A School Wish for Kids With Special Needs This Christmas

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I would be flat out lying if I said I was ready for Christmas. Our year has been a big challenge personally with my mother’s illness and recently school has been a big stress here lately. Someone is almost always in crisis and that has been ongoing since late July. All of this has made it hard to get in the mood to celebrate. My youngest daughter has special needs and for easily one month now has been really agitated at school, not wanting to go and struggling while there. The phone rings almost daily. The thing about special needs and disability, and FASD, fetal alcohol spectrum disorder, in particular, is that our kids have the ability to succeed when supports are in place, but when someone removes a support well, it’s not unlike removing a parachute mid-flight during a sky dive. You always needed that parachute. You didn’t grow wings half way through the jump, even though at some point you might have looked comfortable enough to fly. So littlest child has been plummeting to the ground for a few weeks. I keep catching her. Thankfully her Dad and I have strong arms. But we get tired too. 
If it were up to me entirely I would wave my magic wand and fix the schools for kids like my daughter. 
I would give support where it is needed.
I would listen to the kids when they told me what they needed.
I would let them dance in the rain or snow on a Tuesday and do away with indoor recess. (Of course we would bring rainboots and raincoats and anything else needed, because we are prepared at my ideal school.)
I would refurbish, rebuild or renovate schools that are falling apart and bursting at the seams. (430 people in a school for 230 is a pitiful failure of adults not kids)
I would put a sensory room or a resource room in each of the new buildings so all the kids who needed to retreat to calm down, could do so.
I would find the teachers that had an understanding of FASD, or autism or Down’s syndrome, or ADHD and keep them with the kids that had special needs.
I would keep children at the centre of the system.
I would start with the understanding that kids always bring their A game.
 I would fund and make certain that anyone who needed occupational therapy or speech therapy, got what they needed.
I would begin with the philosophy of love not fear.
I would always look for hands on opportunities to learn and supplement that with seat work, not vice versa.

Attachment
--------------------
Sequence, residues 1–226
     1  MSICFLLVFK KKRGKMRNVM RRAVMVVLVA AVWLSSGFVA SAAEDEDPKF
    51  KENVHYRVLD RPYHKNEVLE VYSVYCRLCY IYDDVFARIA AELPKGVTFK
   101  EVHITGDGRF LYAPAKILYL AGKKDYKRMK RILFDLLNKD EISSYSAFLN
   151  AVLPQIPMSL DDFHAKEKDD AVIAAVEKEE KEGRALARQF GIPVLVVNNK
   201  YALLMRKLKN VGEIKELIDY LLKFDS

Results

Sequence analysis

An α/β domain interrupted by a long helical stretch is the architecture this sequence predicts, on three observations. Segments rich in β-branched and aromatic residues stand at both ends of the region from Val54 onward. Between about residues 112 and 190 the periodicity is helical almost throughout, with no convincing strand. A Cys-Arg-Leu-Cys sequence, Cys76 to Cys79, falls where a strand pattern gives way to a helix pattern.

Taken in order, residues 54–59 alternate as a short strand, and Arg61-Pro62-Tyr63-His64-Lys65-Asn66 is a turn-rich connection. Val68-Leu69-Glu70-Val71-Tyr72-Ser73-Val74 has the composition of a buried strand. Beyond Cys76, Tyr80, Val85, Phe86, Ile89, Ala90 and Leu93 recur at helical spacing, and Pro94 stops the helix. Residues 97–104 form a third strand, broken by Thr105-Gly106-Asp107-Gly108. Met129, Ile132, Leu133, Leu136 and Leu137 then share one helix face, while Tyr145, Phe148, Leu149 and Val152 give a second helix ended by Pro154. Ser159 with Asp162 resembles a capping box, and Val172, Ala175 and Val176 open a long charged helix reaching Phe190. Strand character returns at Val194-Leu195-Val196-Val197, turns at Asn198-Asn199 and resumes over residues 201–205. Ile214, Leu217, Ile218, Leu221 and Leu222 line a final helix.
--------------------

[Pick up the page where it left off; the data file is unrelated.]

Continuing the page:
Children of all abilities learn better when they feel safe and valued.

Mom of two beautiful active girls, traveller, fitness junkie, social media consultant, and keeper of the sanity.


  • Shannan Svirida

    I know exactly what you are saying and going through. My one special needs daughter has been struggling for a few weeks and I have been told that its my fault and I need to make changes.
    My special needs son has been struggling since Nov and they have him on a reduced day and still havent realised that he needs more supports. Today his SK class went on a trip and because he doesnt have the proper supports in the morning he struggled and they banned him from going on the trip. He got to watch his classmates leave without him and stay behind just to watch tv. They didnt prepare for this trip, they didnt take into consideration that because he is working at a 3 year olds level that he may need more than one on one that going to the mall to see Santa he may need a stroller.
    I am so tired and being a single Mom doesnt help with getting breaks or even finding solutions.
    Have a Merry Christmas and a Happy New Year. xo

  • lifewithhiccups

    I’m a grade 6 teacher. Do you need one of those at your school? Because I believe in what you’re saying…and I hope for things like this everyday! I have always said, if I win a huge lottery, I would like to open a private school with my own mission and vision.
    My heart aches for our special needs friends. We just don’t seem to have the money, resources, and specialized training they deserve.